Packaging a package-specific Roslyn analyzer
Some Roslyn-based analyzers for .NET are general in nature. They tend to focus on coding style, language use, or platform APIs. Others may be specific to a NuGet package. A package-specific analyzer provides messages and fixes tailored to use of that package. This is a great way for package authors to help improve your code or avoid even nasty bugs in production. Many popular open source packages are now shipping with a complementary analyzer. Today, I’m going to take a look at how we can package these package-specific analyzers.
I’ve seen three methods in use:
Method 1: a separate package
The main advantage of this approach is independent release. We can change the analyzer without changing the main package. Also, users are not forced to use the analyzer. They have to “opt-in”.
The big disadvantage is that many (most?) users will not opt-in. They may not know about the analyzer, or may choose not to use it. Low adoption can be a problem. There may be something that users often get wrong when using the main package. We design our APIs and docs to lead users in the right direction. But there are some problems only a code review (or an analyzer) can catch.
Method 2: a separate package, depended on by the main package
When users install the main package, they get the analyzer thrown in. That means 100% of users are using the analyzer! The downside is that there is no way to “opt-out”.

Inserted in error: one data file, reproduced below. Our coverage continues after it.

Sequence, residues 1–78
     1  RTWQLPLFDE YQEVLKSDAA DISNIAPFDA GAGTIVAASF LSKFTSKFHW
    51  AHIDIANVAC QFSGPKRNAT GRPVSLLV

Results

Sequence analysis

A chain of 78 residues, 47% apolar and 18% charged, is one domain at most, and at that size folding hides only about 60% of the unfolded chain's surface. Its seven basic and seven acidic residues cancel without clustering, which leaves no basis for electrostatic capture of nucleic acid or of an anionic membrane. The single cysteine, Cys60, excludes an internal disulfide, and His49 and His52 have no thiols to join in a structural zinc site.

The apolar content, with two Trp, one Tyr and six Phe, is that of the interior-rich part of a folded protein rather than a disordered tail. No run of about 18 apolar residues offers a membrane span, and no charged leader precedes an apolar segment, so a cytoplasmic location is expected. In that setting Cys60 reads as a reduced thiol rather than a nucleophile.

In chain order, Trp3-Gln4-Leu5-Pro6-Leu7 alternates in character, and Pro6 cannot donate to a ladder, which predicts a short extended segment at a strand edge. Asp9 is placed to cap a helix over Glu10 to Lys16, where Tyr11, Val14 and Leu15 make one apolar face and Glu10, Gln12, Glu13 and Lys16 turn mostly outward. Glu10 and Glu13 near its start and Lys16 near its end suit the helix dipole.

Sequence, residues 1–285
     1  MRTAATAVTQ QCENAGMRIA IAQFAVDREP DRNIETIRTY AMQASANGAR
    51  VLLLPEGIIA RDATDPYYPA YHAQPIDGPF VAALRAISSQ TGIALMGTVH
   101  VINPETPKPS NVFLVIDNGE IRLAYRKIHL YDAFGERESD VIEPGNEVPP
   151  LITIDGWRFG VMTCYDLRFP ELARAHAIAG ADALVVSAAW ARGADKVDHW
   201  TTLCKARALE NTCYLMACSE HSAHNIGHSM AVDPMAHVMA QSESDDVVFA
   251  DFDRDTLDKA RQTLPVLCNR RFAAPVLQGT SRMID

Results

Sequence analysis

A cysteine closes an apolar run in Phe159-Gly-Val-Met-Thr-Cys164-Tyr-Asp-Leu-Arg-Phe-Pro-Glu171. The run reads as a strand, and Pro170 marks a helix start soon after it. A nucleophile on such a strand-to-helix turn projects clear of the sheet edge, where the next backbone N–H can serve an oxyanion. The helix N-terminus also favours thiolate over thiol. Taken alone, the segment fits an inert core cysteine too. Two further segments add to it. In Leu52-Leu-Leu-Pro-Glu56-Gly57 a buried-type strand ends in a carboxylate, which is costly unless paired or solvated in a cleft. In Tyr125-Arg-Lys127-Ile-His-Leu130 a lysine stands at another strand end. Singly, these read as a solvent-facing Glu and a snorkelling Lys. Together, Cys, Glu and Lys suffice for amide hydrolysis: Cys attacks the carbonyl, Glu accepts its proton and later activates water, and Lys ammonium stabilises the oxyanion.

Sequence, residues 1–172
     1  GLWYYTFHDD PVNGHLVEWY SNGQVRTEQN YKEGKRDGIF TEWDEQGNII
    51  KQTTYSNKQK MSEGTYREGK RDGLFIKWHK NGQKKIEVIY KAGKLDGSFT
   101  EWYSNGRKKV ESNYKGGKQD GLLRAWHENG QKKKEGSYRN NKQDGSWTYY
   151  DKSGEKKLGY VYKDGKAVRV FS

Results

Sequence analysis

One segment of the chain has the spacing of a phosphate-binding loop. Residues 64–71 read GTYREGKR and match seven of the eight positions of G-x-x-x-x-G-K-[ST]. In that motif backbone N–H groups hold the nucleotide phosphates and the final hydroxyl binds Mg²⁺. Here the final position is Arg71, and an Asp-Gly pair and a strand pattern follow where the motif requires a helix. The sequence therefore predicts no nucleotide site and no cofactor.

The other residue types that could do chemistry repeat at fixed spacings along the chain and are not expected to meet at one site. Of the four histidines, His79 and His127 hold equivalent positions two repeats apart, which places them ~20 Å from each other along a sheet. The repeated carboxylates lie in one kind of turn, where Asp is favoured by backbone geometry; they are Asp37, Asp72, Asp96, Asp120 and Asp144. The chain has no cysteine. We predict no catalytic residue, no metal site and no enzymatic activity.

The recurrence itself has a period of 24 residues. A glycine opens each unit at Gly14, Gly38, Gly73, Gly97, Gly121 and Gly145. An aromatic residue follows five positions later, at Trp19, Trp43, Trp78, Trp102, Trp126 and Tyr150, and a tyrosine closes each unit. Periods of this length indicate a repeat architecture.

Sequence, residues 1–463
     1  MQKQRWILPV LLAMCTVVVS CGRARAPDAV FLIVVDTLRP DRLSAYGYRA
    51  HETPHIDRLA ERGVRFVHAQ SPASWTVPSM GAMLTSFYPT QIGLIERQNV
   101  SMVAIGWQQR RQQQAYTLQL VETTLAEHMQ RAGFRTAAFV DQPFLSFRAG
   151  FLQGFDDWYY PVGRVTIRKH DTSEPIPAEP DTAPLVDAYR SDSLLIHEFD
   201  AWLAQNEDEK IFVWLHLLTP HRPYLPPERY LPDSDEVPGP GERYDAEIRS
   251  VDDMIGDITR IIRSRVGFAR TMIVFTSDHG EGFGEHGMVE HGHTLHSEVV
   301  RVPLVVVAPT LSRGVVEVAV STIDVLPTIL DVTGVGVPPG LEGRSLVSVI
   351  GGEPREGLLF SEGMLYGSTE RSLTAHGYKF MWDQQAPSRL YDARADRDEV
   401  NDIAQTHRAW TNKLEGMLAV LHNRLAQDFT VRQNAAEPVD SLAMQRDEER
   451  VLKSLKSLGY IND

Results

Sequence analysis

There’s also a bigger problem with this method. The user’s project has a direct dependency on the main package, but only a “transitive dependency” on the analyzer package. The main package depends on the analyzer package with a version range. A typical version range may be “greater than or equal to”, e.g
>= 1.0.0. NuGet resolves transitive dependencies using the lowest version that satisfies the version range, i.e.
1.0.0. Now let’s say we discover a bug in the analyzer and release
1.0.1. Our users are not prompted to update to the new version because their project does not depend on the analyzer. The only way for users to get the new version of the analyzer is to actually install it. Now we are back to a similar situation as method 1. Users have to “opt-in” to the new version of the analyzer. We could avoid that by releasing a new version of the main package which depends on the new version of the analyzer package. But that means we’ve lost the advantage of independent release.
Method 3: part of the main package
With this method, we include the analyzer assembly in the main package, in the
analyzers folder. We have the benefit of method 2, in that 100% of users are using the analyzer. When we release new versions of the analyzer, we are releasing the main package, which prompts users to update. Again, we don’t have opt-out for the analyzer, nor do we have independent release.
When choosing the best method to use, the most important factor may be the importance of the diagnostics provided by the analyzer. If the analyzer detects problems which affect production apps, I’d favour method 3. Otherwise, I’d go for method 1. I’m having difficulty seeing method 2 as a good choice in any scenario. It offers nothing over method 3, since independent release of the analyzer is ineffective. One argument against method 3 is that analyzer changes are not enough to warrant a release of the main package. I’d argue against this. If we’ve already chosen method 3, then a fix to the analyzer may be as, or even more, important as a fix to the referenced assemblies.
It’s possible that the big problem with method 2 could be solved by changing NuGet. We could allow a package to depend on the highest available version of another package. NuGet could also prompt for updates to transitive dependencies.
Do you disagree? Have you seen other methods of packaging package-specific analyzers? Please sound off in the comments!Tweet